WASHINGTON - Congress is expected to pass legislation this fall to provide more federal money to state and local governments under the HOME program for the construction of multifamily housing, industry officials said yesterday.
The legislation is likely to increase the use of tax-exempt financing in conjunction with the HOME program. As it is drafted, the legislation would end the program's bias toward the rehabilitation of existing housing units in favor of encouraging the building of new units, those sources said.
Later this month, a Senate housing subcommittee is scheduled to begin debate on the measure, which is part of a package of 10 changes to the HOME program proposed in August by the Department of Housing and Urban Development.
The HOME program, created by a 1990 law, requires the federal government to match contributions that state and local governments make to low-income rental and home-ownership projects.
Of the 10 HUD proposals, housing industry officials said they place most importance on the one that would eliminate a provision in current law that requires state and local governments to put up a larger matching contribution to gain federal funds for new construction than for other types of housing projects.
Under current law, states and localities must contribute $1 for every $3 of federal funds received for new construction. But states are only required to contribute $1 for every $4 of federal funds received for projects involving substantial rehabilitation of existing units or rental assistance.
The HUD proposal would bring new construction in line with other rental projects, and make more states and localities willing to seek matching funds for new construction, housing officials said.
The proposed change shows that the Clinton administration is much more supportive of the HOME program than the Bush administration was, the officials said.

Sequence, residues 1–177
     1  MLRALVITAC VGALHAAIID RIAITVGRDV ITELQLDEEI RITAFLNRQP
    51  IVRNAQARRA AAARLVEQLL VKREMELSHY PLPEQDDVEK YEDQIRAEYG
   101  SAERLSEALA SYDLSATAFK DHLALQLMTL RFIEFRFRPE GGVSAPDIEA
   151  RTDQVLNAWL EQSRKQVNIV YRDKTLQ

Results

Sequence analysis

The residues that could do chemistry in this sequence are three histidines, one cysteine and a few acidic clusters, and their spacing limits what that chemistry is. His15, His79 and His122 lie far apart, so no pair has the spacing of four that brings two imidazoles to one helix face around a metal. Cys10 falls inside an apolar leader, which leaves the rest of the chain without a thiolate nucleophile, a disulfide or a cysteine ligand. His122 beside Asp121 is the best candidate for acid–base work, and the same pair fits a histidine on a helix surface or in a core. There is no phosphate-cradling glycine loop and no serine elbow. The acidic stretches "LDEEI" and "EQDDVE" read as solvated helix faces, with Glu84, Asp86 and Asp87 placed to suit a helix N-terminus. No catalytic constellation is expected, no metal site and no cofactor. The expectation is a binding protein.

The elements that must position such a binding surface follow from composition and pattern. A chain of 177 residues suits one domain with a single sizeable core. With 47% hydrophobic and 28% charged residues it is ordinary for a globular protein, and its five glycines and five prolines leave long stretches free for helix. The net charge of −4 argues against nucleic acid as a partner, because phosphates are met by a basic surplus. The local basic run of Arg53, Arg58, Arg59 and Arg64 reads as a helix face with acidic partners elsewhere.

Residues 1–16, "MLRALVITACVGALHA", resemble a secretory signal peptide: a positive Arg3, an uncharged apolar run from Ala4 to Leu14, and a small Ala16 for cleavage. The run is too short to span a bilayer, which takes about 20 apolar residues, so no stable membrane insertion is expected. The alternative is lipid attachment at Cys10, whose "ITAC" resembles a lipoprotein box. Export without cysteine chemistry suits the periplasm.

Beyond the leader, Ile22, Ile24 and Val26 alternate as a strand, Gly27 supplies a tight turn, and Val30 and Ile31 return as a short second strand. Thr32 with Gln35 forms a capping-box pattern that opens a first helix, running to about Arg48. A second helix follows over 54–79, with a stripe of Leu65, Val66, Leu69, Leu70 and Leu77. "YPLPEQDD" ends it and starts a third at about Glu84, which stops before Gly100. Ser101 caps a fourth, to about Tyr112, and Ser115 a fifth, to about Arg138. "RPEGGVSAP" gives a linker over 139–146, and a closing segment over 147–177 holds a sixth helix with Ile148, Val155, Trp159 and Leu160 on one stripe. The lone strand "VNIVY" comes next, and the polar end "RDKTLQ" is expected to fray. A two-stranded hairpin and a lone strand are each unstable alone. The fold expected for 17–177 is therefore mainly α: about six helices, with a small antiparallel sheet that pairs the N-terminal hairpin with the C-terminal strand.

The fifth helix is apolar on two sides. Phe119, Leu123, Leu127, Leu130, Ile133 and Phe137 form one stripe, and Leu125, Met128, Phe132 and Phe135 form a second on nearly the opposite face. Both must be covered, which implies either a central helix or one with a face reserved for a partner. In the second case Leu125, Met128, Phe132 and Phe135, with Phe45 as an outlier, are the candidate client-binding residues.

The proposed increase in federal matching funds for new housing construction "is probably the tombstone on the grave of the opposition the previous administration had to this program," said John T. McEvoy, the executive director of the National Council of State Housing Agencies.
"I think it reflects a very positive, helpful attitude" on the part of the Clinton White House "in contrast with the obstructionist attitude of the previous administration," said John C. Murphy, the executive director of the Association of Local Housing Finance Agencies.
Increasing use of the HOME program for new construction could translate into increased bond issuance. This is because the HOME rules permit the value of some types of tax-exempt bonds to count as a part of a state or local government's contribution that is eligible for HOME matching funds.
HUD rules for the program originally stated that only general obligation bonds are eligible for the matching funds. But last year, Congress approved legislation allowing state and local governments to count part of the value of their private-activity multifamily and mortgage bond issues toward their HOME contributions.
Under the law, 25% of an issuer's total contribution to the HOME program may consist of private-activity housing bonds. Within that amount, an issuer is permitted to count 50% of the value of multifamily housing bonds issued for projects eligible to receive HOME funding. The issuer may also count 25% of the value of his mortgage revenue bond issuances that are sold for projects as eligible for home HOME funding.
Housing industry officials said they were disappointed but not surprised that HUD failed in its package to propose further easing of the private-activity bond restrictions. The proposal would have generated controversy, something that HUD was trying to avoid in its package of changes, the officials said.
But the officials said that they hope the issue will resurface in Congress sometime soon. "We continue to believe full credit for private-activity bonds should be allowed," Murphy said.
In addition to passing the HOME changes, Congress this fall is expected to approve a fiscal 1994 appropriation for the program. The House has passed legislation that would grant $1.25 billion to HOME in fiscal 1994, up $250 million from fiscal 1993. The Clinton administration had proposed an increase to $1.6 billion.
The Senate is expected to begin drafting a version of the appropriations bill later this month. Murphy said he hoped that the Senate will also approve an increase to $1.25 billion for HOME.